Image courtesy of Meta

Recent work from the International Organization for Migration (IOM) on internal displacement within Ukraine has drastically revised upward the numbers of displaced to more than 6.5 million people.

While most internally displaced persons (about 40%) are in the western region of the country, there is no part of Ukraine that does not currently contain a significant number of displaced persons. While current estimates show almost 2.6 million displaced in the west, each of the north, central, east, and south regions contain over 1 million displaced persons. Key health issues for displaced persons include lack of adequate food, water, and sanitation, exposure to extremely cold temperatures, disconnection from medical services, lack of access to medications, as well as high levels of stress, anxiety, and mental trauma.

Non-Communicable and Infectious Diseases: Focus on Tuberculosis

Ukraine has one of the most severe problems with tuberculosis and multi-drug resistance tuberculosis of any country. Roughly 32,000 new cases of active TB infection occur in Ukraine annually. According to a recent article in the journal Nature, there is already considerable concern among health professionals that many TB patients have been forced to flee with a limited supply of medications and limited or no ability to re-supply their medications or to comply with basic directly observed therapy (DOTS) protocols. As quoted in the Nature article:

“Any interruption of treatment will lead to drug-resistant TB, including MDR TB,” Ditiu says. “After 5 years without treatment, 50% of people with pulmonary TB can die. Meanwhile, you infect many others around you.” And if you interrupt treatment for MDR TB, she says, “it is possible to develop extremely drug-resistant TB, where there are few drugs that work”.

Prior to the war there was already significant evidence of artificially low rates of tuberculosis diagnosis in Ukraine, largely attributed to the confounding effect of Covid-19 which also showed up as severe respiratory infection. The combination of under-diagnosis, displacement due to the conflict, disruption of access to replenished drug supplies, and the lack of capacity to follow standard treatment protocols is dramatically raising risks that active TB patients will develop more severe forms of the infection, leading towards serious health complications and even death, while becoming increasingly infectious to those around them.

Maternal, Newborn, Sexual and Reproductive Health

According to the World Health Organization, as of March 18 there have been 4,300 births in Ukraine since the start of the war, which averages out to roughly 1,400 births per week. As increasing pressure mounts through the combination of the destruction of civilian infrastructure, attacks on health facilities like the bombing of the maternity hospital in Mariupol, disruption of transportation, and widespread displacement, risks to deliveries particularly for those that require surgical interventions, as well as risks to newborn health in terms of nutritional support, clean water, and mitigation of infectious diseases, will continue to rise.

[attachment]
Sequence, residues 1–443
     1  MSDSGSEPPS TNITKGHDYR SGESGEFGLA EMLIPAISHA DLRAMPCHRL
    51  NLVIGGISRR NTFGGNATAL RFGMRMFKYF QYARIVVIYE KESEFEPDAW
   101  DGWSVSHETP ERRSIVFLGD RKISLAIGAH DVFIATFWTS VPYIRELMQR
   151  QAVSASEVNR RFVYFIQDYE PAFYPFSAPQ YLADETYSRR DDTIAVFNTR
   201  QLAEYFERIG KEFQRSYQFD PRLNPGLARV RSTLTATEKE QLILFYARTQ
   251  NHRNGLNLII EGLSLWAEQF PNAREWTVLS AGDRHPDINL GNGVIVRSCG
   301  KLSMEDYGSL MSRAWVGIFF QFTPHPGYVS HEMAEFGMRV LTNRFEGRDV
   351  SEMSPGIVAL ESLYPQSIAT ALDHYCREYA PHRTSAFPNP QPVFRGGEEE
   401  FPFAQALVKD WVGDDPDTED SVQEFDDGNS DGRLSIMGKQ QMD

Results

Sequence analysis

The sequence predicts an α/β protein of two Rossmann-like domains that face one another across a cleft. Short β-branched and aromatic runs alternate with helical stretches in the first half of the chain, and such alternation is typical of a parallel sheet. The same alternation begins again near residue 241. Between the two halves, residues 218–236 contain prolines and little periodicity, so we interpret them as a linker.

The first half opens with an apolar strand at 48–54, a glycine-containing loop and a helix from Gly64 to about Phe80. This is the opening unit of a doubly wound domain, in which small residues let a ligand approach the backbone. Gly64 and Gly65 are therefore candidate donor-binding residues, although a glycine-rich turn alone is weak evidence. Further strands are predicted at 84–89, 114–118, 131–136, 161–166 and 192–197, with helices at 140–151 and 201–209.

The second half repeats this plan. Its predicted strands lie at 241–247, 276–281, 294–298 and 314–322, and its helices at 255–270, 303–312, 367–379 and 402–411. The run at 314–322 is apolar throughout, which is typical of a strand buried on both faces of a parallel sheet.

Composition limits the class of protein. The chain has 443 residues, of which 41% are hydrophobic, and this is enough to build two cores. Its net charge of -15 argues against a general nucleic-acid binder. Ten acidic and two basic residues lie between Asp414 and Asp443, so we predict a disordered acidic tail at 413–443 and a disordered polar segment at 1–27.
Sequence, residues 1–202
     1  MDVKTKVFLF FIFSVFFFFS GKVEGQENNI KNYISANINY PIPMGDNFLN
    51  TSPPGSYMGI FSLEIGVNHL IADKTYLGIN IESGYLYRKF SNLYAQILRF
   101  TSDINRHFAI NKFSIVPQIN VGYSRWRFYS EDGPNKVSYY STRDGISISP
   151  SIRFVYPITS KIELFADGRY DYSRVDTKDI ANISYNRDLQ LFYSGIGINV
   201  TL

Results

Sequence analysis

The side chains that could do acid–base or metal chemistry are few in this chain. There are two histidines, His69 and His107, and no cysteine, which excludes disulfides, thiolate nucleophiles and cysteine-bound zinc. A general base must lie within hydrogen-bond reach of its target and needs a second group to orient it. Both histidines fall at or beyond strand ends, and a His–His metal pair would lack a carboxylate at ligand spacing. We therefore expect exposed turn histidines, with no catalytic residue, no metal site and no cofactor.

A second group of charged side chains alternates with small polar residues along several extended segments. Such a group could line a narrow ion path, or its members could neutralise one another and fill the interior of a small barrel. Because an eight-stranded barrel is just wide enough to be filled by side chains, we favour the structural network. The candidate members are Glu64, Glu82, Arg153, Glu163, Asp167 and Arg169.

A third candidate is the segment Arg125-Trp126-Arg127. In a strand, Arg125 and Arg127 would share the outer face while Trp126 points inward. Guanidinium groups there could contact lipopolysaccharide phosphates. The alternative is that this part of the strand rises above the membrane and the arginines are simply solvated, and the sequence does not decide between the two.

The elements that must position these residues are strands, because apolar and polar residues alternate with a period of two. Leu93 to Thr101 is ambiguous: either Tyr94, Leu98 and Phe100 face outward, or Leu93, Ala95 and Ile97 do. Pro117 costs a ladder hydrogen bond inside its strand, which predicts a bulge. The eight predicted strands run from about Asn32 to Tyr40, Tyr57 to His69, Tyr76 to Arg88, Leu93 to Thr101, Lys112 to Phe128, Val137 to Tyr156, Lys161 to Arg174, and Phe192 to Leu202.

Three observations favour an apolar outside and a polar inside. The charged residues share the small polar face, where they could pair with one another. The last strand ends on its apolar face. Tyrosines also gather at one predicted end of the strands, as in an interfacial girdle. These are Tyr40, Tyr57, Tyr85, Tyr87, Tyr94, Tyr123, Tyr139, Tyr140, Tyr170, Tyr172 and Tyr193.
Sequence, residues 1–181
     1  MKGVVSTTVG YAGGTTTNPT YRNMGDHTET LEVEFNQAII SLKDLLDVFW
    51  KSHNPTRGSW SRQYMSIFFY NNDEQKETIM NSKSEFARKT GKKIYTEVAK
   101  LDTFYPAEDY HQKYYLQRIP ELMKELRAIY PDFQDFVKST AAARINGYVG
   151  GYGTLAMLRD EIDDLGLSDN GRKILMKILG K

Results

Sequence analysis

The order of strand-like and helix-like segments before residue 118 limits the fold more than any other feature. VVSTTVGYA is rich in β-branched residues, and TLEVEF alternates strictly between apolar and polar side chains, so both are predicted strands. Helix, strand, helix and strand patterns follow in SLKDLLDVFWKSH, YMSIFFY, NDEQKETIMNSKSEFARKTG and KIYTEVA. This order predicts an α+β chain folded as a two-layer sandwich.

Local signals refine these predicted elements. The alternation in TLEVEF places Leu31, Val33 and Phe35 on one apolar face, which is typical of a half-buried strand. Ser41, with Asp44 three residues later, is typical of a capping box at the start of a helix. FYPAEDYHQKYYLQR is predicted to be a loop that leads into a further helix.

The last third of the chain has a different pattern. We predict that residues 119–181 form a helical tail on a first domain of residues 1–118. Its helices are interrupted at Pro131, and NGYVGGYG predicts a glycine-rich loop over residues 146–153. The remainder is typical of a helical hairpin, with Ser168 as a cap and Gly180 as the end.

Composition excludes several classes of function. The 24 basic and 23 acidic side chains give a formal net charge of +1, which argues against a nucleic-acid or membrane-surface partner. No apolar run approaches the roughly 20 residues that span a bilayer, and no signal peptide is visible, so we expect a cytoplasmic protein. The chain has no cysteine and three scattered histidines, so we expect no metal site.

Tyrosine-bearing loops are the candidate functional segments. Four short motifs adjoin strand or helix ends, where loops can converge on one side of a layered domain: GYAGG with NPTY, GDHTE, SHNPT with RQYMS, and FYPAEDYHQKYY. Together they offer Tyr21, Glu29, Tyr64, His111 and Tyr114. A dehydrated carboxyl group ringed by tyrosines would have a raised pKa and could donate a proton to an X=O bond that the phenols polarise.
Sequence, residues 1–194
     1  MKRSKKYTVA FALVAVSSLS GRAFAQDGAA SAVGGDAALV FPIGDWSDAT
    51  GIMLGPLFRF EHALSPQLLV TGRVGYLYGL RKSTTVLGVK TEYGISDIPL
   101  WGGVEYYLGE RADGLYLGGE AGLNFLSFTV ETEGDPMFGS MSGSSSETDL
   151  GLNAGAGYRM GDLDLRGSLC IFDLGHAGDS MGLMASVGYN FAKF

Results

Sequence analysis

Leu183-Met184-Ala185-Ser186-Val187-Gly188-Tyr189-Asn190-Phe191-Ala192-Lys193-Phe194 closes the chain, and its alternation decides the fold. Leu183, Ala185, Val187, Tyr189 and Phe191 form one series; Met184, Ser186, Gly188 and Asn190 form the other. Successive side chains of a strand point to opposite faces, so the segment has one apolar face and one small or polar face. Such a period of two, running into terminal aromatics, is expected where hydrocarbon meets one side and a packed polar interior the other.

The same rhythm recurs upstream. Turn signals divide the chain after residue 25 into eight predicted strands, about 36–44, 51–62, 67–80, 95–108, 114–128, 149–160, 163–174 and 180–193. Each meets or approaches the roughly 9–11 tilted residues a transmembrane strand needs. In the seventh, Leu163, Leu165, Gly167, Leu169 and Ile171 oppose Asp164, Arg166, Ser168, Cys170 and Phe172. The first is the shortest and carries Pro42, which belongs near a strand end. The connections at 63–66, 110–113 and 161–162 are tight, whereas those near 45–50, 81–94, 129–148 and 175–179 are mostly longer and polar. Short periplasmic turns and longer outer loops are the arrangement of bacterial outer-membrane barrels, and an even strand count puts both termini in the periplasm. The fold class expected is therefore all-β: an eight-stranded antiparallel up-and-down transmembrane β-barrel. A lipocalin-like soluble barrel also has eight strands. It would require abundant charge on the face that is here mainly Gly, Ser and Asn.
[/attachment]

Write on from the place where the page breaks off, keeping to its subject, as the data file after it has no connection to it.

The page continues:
In addition to safe delivery services, including emergency obstetric care, the Interagency Working Group on Reproductive Health in Crises through the United Nations places special emphasis on the need to ensure safe access to reproductive health and contraception as part of the Minimum Initial Service Package during emergencies.

This includes:
• Ensuring availability of a range of long-acting, reversible and short-acting contraceptive methods (including male and female [where already used] condoms and emergency contraception [EC]) at primary health care facilities to meet demand;
• Providing information, including existing information, education, and communication materials, and contraceptive counseling that emphasizes informed choice and consent, effectiveness, client privacy and confidentiality, equity, and nondiscrimination; and
• Ensuring the community is aware of the availability of contraceptives for women, adolescents, and men.

As is the case in most emergencies, whether as a result of conflict or disaster, the most effective delivery system for basic health interventions which save the disproportionate share of lives occurs in primary care settings. Sexual and reproductive health care is no different in this regard, which makes it even more essential to minimize attacks on civilian health services and ensure access to primary care as well as hospital services.